Chlamydia the “silent epidemic” is the most common sexually transmitted infection in the world today. It’s often found in sexually active adolescent 15-19 years old. This infection is caused by the bacterium Chlamydia trachomatis. Chlamydia is an obligate intracellular bacterium that lives within the human cell with three different species. Chlamydia trachomatis, Chlamydia pnemoniae and Chlamydia psittaci. Chlamydia trachomatis was discovered in Berlin by Stanislaus von Prowazek in 1907. It comes from the Greek word “chlamys” meaning cloak and “trachomatis” meaning harsh or rough.

Chlamydia trachomatis appears coccoid or rod shape and grows inside the host cell. The incubation period of this bacterium is 7-21 days then it begins to replicate every three hours and infect other cells. The bacteria enter the body through the mucous membrane and reproduce by binary fission. The mucous membranes of the genitalia, eyes and throat are the usual reservoirs for Chlamydia.

Chlamydia is transmitted directly through oral, vaginal and, anal sex and vertically through vaginal birth by an infected mother. The rate of direct and vertical transmission ranges from 40-60%. There is a 50% chance of neonate getting the infection at the time of delivery.

Chlamydia signs and symptoms are asymptomatic; more than 75% of infected women and 50% of men do not even know they have it. The most common signs and symptoms are:

• Genital itching
• more frequent urination
• painful urination
• painful or swollen testicles
• white or yellow discharge from the penis
• inflamed rectum
• urethritis
• sore and red throat
• redness at the tip of the penis
• inflamed eyelids

• Yellow or cloudy vaginal discharge
• inflamed rectum
• painful urination
• pelvic, back and abdominal pain
• more frequent urination
• painful intercourse
• bleeding between periods
• nausea or fever

Other parts of that body that can be infected by Chlamydia are:
Eyes and eyelids – can be contaminated by hand touching could be red and itchy.
Throat – can be infected through oral sex could have throat irritation.
Anus – can be infected through anal sex could have rectal mucous discharge, rectal bleeding and painful bowel movement.

Chlamydia if left untreated can have serious complications for both genders. It can result in chronic pelvic pain and pelvic inflammatory disease in women damaging the ovaries, fallopian tubes and ovaries which can lead to ectopic pregnancy and infertility. Untreated chlamydia can lead to prostatitis and epididymitis in men. Men and women who engage in anal sex can have rectal inflammation. Newborns that pass the birth canal can suffer from pneumonia or eye infection.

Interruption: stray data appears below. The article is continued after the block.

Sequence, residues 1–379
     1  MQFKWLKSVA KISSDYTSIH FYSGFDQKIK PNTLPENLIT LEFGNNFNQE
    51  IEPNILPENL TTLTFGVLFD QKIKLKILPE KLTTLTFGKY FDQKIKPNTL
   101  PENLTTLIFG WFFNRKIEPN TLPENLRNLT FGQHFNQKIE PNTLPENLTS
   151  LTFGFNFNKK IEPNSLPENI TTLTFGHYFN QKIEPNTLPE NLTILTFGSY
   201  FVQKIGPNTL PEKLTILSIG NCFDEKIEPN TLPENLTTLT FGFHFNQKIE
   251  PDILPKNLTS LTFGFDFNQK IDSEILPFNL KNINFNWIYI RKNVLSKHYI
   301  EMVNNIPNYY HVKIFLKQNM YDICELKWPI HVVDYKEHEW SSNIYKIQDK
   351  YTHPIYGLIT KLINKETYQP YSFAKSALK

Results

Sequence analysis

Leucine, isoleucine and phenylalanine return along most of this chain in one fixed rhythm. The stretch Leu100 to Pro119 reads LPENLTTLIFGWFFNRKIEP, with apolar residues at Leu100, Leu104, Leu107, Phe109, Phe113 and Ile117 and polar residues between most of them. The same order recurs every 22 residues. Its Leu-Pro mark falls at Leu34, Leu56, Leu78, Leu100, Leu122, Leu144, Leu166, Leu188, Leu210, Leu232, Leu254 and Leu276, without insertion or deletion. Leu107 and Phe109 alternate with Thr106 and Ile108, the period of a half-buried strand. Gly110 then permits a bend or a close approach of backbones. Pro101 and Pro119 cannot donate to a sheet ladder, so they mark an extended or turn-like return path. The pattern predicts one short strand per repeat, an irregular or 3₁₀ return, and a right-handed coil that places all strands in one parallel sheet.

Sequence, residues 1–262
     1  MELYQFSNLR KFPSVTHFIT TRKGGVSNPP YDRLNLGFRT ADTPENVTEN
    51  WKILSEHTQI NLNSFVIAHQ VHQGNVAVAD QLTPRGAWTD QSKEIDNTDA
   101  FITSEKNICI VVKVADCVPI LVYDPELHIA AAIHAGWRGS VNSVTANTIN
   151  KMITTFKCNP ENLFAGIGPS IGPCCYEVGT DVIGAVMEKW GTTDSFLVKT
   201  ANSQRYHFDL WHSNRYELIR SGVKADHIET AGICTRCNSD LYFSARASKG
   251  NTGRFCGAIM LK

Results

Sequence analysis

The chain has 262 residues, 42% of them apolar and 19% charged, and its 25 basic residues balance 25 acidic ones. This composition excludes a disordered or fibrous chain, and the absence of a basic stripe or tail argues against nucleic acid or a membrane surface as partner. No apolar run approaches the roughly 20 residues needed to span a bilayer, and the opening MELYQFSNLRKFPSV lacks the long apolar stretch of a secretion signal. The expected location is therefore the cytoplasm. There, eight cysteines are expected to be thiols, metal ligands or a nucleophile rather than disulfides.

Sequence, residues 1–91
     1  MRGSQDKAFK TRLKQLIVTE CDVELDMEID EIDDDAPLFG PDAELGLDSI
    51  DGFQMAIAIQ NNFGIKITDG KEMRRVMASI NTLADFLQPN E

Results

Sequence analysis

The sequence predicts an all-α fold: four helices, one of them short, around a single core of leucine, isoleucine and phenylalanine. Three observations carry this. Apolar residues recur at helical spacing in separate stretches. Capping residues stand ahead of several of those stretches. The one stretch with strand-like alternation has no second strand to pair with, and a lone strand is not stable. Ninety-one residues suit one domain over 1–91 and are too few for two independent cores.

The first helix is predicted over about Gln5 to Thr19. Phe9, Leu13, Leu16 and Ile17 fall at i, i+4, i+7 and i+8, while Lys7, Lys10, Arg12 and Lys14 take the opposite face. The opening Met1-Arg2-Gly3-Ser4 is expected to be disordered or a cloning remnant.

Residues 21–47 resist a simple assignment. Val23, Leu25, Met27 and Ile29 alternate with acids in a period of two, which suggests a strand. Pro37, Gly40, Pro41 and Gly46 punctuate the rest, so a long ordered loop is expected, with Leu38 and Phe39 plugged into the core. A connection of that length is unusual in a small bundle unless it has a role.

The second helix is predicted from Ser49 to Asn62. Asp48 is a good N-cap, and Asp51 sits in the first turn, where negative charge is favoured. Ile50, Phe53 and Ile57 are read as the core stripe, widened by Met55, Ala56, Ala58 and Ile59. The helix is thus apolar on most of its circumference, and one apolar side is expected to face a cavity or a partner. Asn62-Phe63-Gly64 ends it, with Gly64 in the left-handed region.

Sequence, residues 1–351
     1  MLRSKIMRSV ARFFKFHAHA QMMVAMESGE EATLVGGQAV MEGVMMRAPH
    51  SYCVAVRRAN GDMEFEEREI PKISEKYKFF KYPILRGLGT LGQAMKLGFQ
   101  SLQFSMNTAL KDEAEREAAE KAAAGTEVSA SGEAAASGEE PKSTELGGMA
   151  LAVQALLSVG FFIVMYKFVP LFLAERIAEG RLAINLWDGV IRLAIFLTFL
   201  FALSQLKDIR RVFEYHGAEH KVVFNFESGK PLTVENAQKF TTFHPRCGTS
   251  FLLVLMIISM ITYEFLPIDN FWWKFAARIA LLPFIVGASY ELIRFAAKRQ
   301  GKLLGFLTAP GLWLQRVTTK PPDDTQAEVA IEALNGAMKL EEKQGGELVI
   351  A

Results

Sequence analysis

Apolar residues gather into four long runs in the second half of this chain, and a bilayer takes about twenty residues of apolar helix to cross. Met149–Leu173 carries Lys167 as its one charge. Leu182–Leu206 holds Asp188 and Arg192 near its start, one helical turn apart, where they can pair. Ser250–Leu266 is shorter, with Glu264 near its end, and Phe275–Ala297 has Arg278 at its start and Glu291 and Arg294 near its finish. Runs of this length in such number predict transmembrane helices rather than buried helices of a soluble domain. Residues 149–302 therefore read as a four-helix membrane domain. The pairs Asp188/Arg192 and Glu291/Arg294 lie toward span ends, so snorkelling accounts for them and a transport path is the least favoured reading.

Because chlamydia is asymptomatic and hard to detect sexually active individual under 24 should take screening test. Men and women with multiple sex partners are at higher risk for infection. Urine sample or a swab of the cervix and penis are needed for screening.

Tests for chlamydia infection include:
• Enzyme immunoassay (EIA) or Enzyme-linked immunosorbent assay (ELISA) this test finds Chlamydia antigen.
• Cell culture test – this traditional test takes 48–72 hours to complete.
• DNA probe test – this test finds Chlamydia DNA
• Nucleic acid amplification test – most specific test with more than 90% accuracy
• Direct fluorescent antibody staining – this test is faster than cell culture test.

Chlamydia is a curable infection with the right medication. The most common treatment is oral bacteriostatic antibiotics such as erythromycin, azithromycin, clarithromycin, doxycycline and tetracycline. People taking antibiotics should abstain from sex for seven days to prevent re-infection. Sexual partners should also be treated regardless of the symptom. A person can be re-infected again after treatment the best way to prevent reinfection is through simultaneous treatment of both partners before resumption of sexual activity.

The safest way to prevent chlamydia is through abstinence. But there are ways to reduce the risk of infection including:
• Using latex condoms for oral, anal and vaginal sex
• Avoiding sexual promiscuity
• Undergoing regular chlamydia screenings